A new generation emerging at golf's oldest major the British Open
Hoylake, England • Even when he's not the favorite, Tiger Woods is still the show at the British Open.
Woods earned that attention by piling up majors at a faster rate than anyone in history, and the attention is just as great now because his recent past includes back surgery and his immediate future is more uncertain than ever. ESPN plans to show his entire round online Thursday.
Not to be overlooked at golf's oldest championship, however, is a new generation of stars.
Rickie Fowler and Harris English will be playing ahead of him. Two groups behind will be Jordan Spieth and Hideki Matsuyama. They are among 25 players who share a bond that speaks to the state of golf. Woods has never won a major during their professional careers.
Yes, they saw his dominance on TV. They just never experienced it.
They were not around for the decade when Woods won majors with regularity, sometimes by a record score, sometimes by a record margin. They missed the days that were so Tiger-centric a player couldn't get through an interview without being asked something about Woods.
"Tiger ruined a lot of guys' lives," Charles Howell III, a longtime friend of Woods who lived through those times, said earlier in the year. "He caused a lot of people some sleepless Sunday nights. But he also motivated an entire generation behind him."
Howell's point was that while the next generation might have been in awe of Woods, being outside the arena allowed them to study him without getting scarred. They learned from the way he worked. They were more prepared than the generation before them.
The talk at this British Open is that it is more open than ever. But then, that's been the case since Woods won his last major six years ago. Since that 2008 U.S. Open, 19 players have won majors, and no one has won more than two. In the 24 majors leading up to his last major, Woods won six, Phil Mickelson won three and no one else won more than one.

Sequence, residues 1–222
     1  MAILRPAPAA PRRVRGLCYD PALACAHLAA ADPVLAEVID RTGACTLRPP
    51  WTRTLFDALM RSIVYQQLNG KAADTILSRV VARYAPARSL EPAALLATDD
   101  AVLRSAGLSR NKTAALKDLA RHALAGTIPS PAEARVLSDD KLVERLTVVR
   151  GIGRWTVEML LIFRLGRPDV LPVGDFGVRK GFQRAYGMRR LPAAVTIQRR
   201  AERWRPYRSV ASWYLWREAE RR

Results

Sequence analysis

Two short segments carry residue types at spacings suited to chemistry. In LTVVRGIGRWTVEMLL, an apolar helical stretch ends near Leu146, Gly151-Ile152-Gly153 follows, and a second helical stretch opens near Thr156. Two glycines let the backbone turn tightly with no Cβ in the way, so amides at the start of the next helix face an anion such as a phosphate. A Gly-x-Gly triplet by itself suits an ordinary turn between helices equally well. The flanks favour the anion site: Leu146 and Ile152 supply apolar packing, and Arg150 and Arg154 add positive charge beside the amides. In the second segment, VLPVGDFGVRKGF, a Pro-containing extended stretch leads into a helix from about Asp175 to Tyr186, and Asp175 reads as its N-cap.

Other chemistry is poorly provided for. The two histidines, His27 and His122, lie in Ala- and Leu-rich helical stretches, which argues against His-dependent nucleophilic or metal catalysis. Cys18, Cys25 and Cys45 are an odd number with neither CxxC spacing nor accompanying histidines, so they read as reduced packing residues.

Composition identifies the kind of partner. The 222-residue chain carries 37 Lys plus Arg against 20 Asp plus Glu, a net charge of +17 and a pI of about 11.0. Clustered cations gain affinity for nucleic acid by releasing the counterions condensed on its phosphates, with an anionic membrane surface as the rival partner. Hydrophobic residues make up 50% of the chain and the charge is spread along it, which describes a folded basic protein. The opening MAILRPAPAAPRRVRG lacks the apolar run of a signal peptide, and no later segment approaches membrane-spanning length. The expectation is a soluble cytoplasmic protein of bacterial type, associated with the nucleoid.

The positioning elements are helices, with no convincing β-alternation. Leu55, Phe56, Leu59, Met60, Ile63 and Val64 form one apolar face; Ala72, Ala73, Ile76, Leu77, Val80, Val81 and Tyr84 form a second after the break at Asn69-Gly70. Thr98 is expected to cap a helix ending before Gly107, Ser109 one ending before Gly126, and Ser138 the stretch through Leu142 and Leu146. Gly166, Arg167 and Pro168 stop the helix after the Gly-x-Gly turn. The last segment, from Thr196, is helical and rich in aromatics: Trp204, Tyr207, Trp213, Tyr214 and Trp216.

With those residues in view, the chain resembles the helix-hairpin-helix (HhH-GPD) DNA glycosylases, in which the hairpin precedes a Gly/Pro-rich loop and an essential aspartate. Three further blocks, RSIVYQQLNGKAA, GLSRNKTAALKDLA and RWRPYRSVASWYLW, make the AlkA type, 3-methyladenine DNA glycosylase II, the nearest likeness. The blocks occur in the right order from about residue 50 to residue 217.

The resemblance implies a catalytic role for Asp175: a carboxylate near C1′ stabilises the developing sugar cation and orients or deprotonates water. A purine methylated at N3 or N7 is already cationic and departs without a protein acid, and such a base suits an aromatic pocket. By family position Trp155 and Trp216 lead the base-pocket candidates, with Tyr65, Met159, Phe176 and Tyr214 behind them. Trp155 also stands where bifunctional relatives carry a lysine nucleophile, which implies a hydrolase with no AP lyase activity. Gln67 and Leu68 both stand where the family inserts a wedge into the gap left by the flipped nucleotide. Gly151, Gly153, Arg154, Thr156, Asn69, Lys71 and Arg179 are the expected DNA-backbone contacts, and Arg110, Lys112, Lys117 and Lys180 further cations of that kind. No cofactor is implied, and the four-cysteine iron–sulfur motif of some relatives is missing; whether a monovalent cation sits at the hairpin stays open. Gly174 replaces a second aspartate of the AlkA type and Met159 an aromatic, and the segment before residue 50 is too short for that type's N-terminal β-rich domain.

"Looking at the different amount of winners in the last five years at the major championships, we're seeing so many players win," Henrik Stenson said Wednesday. It's so competitive. At some point there might have been 20 guys battling out for it. And now it feels like anyone in the field can win if they have a great week. So it's definitely tighter."
Stenson, No. 2 in the world and among the favorites this week, will be playing alongside Woods for the opening two days.
"He's just one of the guys I need to beat if I want to do well this week," Stenson said. "But it's a good start if you know you can beat him."
Woods is playing his first major of the year because of March 31 back surgery. Returning to Royal Liverpool was always the target he won his third claret jug on these links in 2006 when it was brown and fast, not green and slower as it is this year. Woods came back sooner than he expected, missing the cut at Congressional three weeks ago in what had the feeling of a 36-hole rehab assignment.
He feels healthy. He feels strong. And he still commands a presence.
That much was clear when Woods played only two holes Wednesday as spectators scrambled for a view. He brings energy and excitement to a golf tournament.
Does he bring intimidation? The Open is his next opportunity to see if he can regain the mystique that a younger generation has yet to experience. Matt Kuchar, who played a practice round with Woods on Sunday, doesn't think it will take much. He's not sure Woods ever lost it.
"The kids today grew up idolizing him," Kuchar said. "He gets back on form again, I don't think that intimidation factor is gone at all. These are the kids that grew up watching him and wanting to be him."
Kuchar said it can be intimidating to play alongside, although Patrick Reed sure wasn't flustered having Woods in the group ahead of him at Doral, and Spieth didn't looked rattled when he shot 63 at Torrey Pines (the North Course) with Woods in his group.
O Second round
Friday, 2 a.m.
TV • ESPN